BACKGROUND

Many children are undervaccinated at the time of hospital admission. Our objective was to explore the facilitators and barriers to vaccinating during hospitalization.

METHODS

We conducted qualitative interviews of parents, primary care pediatricians, emergency department (ED) physicians, and pediatric hospitalists. Parents of undervaccinated hospitalized children who were admitted through the ED were invited to participate. We used purposive sampling to identify physician participants. Semistructured interviews querying participants' perspectives on hospital-based vaccination were audiorecorded and transcribed. Parent demographics and physician practice characteristics were collected. Transcripts were analyzed for facilitators and barriers to vaccinating during acute hospital visits by using inductive content analysis. A conceptual framework was developed on the basis of the social ecological model.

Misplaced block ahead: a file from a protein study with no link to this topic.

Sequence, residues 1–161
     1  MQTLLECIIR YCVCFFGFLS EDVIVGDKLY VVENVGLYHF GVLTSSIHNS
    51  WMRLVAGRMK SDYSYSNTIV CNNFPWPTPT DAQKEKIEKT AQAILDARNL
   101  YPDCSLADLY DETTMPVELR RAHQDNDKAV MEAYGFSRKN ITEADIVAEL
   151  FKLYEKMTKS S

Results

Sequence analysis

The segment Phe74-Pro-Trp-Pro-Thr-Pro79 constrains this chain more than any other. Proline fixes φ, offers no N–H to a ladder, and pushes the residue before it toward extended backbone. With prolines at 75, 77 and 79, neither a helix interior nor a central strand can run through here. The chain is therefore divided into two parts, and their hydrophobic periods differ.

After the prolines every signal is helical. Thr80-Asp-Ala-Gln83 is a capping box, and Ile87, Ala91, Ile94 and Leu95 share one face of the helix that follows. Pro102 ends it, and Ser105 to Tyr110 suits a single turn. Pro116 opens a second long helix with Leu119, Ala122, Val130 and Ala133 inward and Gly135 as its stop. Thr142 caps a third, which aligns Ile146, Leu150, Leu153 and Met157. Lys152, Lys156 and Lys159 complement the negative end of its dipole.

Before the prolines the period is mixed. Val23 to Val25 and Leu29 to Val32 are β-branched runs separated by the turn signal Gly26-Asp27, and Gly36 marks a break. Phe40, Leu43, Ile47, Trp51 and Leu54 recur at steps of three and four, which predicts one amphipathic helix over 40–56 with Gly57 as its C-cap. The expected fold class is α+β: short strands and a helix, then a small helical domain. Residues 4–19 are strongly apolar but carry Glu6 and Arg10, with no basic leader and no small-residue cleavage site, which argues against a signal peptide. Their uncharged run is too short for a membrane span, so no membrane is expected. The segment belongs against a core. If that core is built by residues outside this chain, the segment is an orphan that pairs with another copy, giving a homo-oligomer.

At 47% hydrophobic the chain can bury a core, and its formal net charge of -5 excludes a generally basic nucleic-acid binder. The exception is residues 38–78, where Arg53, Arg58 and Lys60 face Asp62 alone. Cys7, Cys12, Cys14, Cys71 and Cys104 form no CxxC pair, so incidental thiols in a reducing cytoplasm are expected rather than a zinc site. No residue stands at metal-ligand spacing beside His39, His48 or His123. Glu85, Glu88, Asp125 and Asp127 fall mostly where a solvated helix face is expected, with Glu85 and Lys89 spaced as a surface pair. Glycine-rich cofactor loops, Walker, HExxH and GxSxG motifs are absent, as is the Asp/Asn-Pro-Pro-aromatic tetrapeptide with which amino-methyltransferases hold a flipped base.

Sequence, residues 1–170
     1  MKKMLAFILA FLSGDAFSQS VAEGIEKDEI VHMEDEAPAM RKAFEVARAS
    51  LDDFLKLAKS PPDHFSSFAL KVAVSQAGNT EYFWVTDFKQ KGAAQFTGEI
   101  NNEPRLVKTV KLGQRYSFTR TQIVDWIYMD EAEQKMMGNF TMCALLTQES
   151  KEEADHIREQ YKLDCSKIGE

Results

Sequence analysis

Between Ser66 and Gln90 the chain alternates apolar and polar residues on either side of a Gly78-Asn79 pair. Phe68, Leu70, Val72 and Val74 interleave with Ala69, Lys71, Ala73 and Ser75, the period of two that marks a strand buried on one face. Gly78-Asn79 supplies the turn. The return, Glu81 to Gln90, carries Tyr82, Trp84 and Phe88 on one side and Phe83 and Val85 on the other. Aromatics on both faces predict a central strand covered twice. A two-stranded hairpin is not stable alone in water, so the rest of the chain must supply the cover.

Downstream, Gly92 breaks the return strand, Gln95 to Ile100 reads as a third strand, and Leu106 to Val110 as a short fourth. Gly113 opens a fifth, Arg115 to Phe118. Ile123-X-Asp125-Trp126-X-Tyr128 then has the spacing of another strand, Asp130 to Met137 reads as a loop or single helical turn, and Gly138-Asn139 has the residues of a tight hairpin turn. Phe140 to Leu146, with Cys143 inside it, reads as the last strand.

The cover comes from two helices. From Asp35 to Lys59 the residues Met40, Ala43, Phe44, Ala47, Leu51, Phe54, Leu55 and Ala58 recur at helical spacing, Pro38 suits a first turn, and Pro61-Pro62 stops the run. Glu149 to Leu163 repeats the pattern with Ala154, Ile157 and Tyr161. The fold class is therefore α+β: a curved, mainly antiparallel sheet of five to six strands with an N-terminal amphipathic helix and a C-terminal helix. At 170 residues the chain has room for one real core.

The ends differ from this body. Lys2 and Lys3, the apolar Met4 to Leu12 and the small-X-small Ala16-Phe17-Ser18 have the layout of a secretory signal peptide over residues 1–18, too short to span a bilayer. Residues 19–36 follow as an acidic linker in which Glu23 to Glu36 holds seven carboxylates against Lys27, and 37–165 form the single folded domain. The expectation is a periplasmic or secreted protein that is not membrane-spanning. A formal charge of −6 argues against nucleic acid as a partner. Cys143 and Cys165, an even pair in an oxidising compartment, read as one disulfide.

RESULTS

Twenty-one parent interviews and 10 physician interviews were conducted. Of parent participants, 86% were female; 76% were white. Physician participants included 3 primary care pediatricians, 3 ED physicians, and 4 hospitalists. Facilitators and barriers fell under 4 major themes: (1) systems-level factors, (2) physician-level factors, (3) parent-provider interactional factors, and (4) parent- and child-level factors. Parent participants reported a willingness to receive vaccines during hospitalizations, which aligned with physician participants' experiences. Another key facilitator identified by parent and physician participants was the availability of shared immunization data. Identified by parent and physician participants included the availability of shared immunization data. Barriers included being unaware that the child was vaccine-eligible, parental beliefs against vaccination, and ED and inpatient physicians’ perceived lack of skills to effectively communicate with vaccine-hesitant parents.

CONCLUSIONS

Parents and physicians identified several key facilitators and barriers to vaccinating during hospitalization. Efforts to provide inpatient vaccines need to address existing barriers.

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